This standard defines a protocol enabling precise synchronization of clocks in measurement and control systems implemented with technologies such as network communication, local computing, and distributed objects. The protocol is applicable to systems communicating by local area networks supporting multicast messaging including, but not limited to, Ethernet. The protocol enables heterogeneous systems that include clocks of various inherent precision, resolution, and stability to synchronize to a grandmaster clock. The protocol supports system-wide synchronization accuracy in the sub-microsecond range with minimal
network and local clock computing resources. The default behavior of the protocol allows simple systems
to be installed and operated without requiring the administrative attention of users. The standard includes
mappings to User Datagram Protocol (UDP)/Internet Protocol (IP), DeviceNet, and a layer-2 Ethernet
implementation. It includes formal mechanisms for message extensions, higher sampling rates, correction
for asymmetry, a clock type to reduce error accumulation in large topologies, and specifications on how to
incorporate the resulting additional data into the synchronization protocol. The standard permits
synchronization accuracies better than 1 ns. The protocol has features to address applications where
redundancy and security are a requirement. The standard defines conformance and management capability.
There is provision to support unicast as well as multicast messaging. The standard includes an annex on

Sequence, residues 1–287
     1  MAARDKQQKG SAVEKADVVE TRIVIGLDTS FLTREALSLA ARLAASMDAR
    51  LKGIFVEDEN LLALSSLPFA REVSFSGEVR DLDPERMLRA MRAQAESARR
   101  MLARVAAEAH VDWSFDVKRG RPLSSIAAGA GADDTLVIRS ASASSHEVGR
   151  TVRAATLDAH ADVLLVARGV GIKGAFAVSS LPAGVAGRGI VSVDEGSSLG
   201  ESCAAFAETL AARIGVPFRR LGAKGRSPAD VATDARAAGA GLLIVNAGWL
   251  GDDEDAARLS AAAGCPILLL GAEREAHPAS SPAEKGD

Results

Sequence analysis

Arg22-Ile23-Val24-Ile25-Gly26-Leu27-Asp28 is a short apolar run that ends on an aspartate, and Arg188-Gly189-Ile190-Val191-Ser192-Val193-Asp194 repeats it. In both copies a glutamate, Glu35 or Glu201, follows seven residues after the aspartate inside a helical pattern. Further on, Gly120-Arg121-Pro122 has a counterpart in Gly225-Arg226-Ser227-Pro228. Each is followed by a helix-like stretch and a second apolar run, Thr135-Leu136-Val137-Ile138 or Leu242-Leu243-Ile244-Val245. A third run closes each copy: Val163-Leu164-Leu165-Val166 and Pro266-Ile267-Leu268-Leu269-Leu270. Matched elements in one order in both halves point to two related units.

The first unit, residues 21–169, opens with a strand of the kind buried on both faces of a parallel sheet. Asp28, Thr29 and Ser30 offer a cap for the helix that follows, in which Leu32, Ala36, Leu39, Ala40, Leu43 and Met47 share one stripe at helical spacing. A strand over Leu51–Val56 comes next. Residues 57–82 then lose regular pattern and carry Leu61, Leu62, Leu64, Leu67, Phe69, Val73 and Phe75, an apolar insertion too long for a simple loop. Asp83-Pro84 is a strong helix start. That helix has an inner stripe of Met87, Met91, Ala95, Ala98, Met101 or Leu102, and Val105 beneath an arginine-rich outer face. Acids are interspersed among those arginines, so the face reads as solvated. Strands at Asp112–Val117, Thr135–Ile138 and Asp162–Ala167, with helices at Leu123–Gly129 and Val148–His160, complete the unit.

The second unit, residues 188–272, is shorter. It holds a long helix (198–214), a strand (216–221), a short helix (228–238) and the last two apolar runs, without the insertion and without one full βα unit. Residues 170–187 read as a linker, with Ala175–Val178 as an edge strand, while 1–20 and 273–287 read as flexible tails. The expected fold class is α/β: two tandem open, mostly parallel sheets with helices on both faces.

recommended practices. Annexes defining communication-medium-specific implementation details for
additional network implementations are expected to be provided in future versions of this standard.
Measurement and control applications are increasingly employing distributed system technologies such as network communication, local computing, and distributed objects. Many of these applications will be enhanced by having an accurate system-wide sense of time achieved by having local clocks in each sensor, actuator, or other system device. Without a standardized protocol for synchronizing these clocks, it is unlikely that the benefits will be realized in the multivendor system component market. Existing protocols for clock synchronization are not optimum for these applications. For example, the Network Time Protocol
(NTP) targets large distributed computing systems with millisecond synchronization requirements. The
protocol in this standard specifically addresses the needs of measurement and control and operational
systems in the fields of test and measurement, industrial automation, military systems, manufacturing
systems, power utility systems, and certain telecommunications applications. These applications need:
¿¿¿ Spatially localized systems with options for larger systems
¿¿¿ Microsecond to sub-microsecond accuracy
¿¿¿ Administration-free operation
¿¿¿ Applicability for both high-end devices and low-cost, low-end devices
¿¿¿ Provisions for the management of redundant and fault-tolerant systems
Several different application areas such as industrial automation, telecommunication, semiconductor
manufacturing, military systems, and utility power generation have emerged that require the standard to be
Revision Standard - Active.
A protocol is provided in this standard that enables precise synchronization of clocks in measurement and control systems implemented with technologies such as network communication, local computing, and distributed objects. The protocol is applicable to systems communicating via packet networks. Heterogeneous systems are enabled that include clocks of various inherent precision, resolution, and stability to synchronize. System-wide synchronization accuracy and precision in the sub-microsecond range are supported with minimal network and local clock computing resources. Simple systems are installed and operated without requiring the management attention of users because the default behavior of the protocol allows for it.